- It encourages all staff to start thinking strategically
- It provides a sense of pride to individual staff members who can trace how their daily tasks link directly into target markets and goals in the big-picture strategic marketing plan.
- It prompts the organisation to focus limited resources (human and dollars) towards delivering products and services that the organisation can deliver better than anyone else.
- It discourages mission drift into activities which aren’t strategic
- It prompts the discontinuation of programs that aren’t in the organisation’s strategic interest, but are continued based on emotional or historic rationales
- It encourages the embracing of new opportunities, innovations and process that will strategically enhance the organisation, and its mission – for the long term.
- It encourages investment in strategic capacity building for the long term, rather than short term non-strategic spending.
4. Does my nonprofit need a strategic marketing plan?
Yes. In order for your organisation to change the world, it needs to be solvent, and running effectively. In order to advance towards your mission sooner, your organisation needs to have funding reserves for strategic investment. In order to ensure long-term viability, and create the necessary reserves for investment in your organisation, you need to get strategic.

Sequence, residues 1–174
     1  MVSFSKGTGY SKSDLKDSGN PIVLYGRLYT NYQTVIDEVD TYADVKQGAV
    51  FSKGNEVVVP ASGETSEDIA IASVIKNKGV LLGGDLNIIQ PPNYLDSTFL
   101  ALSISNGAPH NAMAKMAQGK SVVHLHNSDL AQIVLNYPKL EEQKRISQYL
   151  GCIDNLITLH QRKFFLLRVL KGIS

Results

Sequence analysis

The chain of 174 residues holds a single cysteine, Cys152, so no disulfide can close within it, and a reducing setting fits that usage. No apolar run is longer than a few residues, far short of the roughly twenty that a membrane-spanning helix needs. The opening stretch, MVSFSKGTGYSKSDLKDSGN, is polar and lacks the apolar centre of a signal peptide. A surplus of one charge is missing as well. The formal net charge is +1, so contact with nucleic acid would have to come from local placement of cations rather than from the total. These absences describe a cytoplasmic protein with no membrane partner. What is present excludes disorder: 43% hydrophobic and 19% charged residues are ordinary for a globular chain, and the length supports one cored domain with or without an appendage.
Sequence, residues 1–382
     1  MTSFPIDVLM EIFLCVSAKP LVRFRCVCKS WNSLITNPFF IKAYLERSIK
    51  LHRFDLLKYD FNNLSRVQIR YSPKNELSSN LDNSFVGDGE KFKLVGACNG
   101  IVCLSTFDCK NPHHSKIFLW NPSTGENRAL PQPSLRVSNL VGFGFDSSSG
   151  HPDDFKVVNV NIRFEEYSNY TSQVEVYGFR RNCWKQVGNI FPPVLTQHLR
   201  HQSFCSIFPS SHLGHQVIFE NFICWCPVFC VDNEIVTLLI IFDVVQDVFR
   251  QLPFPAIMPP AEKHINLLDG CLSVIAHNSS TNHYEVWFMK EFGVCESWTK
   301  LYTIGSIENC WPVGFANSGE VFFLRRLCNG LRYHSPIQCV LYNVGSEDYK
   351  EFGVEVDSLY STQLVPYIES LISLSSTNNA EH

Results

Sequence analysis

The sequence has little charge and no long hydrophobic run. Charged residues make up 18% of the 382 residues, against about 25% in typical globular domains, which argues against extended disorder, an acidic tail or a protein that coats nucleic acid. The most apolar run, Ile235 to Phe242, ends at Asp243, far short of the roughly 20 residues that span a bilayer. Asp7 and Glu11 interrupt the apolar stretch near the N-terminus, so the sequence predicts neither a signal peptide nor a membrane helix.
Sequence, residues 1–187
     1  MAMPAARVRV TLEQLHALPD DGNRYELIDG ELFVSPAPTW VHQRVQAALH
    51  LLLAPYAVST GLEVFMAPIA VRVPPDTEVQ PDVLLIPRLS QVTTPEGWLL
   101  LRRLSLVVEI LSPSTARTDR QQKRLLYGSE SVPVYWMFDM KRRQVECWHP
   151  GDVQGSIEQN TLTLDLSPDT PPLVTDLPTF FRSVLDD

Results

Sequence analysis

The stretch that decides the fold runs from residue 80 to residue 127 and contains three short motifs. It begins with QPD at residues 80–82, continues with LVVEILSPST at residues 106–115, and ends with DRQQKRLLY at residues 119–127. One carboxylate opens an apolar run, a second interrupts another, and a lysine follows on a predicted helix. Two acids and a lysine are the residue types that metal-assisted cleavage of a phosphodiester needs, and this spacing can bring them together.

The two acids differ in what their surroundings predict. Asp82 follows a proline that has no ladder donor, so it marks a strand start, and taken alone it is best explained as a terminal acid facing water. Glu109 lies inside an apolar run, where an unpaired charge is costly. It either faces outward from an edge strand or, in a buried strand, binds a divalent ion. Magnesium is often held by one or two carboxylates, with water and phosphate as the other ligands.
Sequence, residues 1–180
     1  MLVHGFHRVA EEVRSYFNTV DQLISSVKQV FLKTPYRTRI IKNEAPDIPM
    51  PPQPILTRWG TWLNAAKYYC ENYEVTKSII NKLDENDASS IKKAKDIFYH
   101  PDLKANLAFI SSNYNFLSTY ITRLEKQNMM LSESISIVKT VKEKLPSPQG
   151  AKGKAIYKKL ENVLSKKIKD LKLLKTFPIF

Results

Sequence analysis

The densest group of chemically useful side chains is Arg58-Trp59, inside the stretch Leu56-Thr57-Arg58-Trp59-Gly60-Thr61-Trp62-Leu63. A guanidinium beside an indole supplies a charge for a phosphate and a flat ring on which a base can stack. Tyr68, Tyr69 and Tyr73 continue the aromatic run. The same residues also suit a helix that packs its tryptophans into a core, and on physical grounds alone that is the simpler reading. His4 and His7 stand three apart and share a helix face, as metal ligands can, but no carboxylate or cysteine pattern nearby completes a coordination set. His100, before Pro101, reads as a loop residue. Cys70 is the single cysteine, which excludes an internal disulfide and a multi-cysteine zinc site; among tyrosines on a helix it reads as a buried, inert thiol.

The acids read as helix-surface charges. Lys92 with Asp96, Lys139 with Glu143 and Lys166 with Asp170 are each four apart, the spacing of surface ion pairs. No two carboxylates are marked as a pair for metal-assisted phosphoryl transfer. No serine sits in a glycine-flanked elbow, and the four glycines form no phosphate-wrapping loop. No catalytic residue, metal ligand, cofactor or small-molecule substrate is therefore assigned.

5. Does Full & Frank provide in-house strategic market planning sessions and writing services?
6. How much does it cost?
The cost will vary based on a range of factors including:
- the size and scope of the organisation and its activities
- the number of participants (e.g. staff and board members) you would like engaged and consulted in the development of the plan
- how comprehensive and long-lasting you would like it to be
- the number of iterations/revisions you would like following the initial draft plan
- the current status of your organisation’s strategic sophistication
Just as house building projects cost differing amounts, so do different consulting projects. Please feel free to contact me and we can discuss what can be achieved with your available budget.
7. Will it be painful?
It will be exciting and invigorating for people who want to advance the organisation strategically to the next level. It will be challenging and uncomfortable for people who are adverse to change, are emotionally wedded to the way things have 'always been done' or who like squirreling away knowledge about the organisation and its operating processes as part of ensuring their value and status.
Having said that, we work to create an environment of enthusiasm, respect and inclusion where all players have an opportunity to contribute.
Take the plunge. No one cries.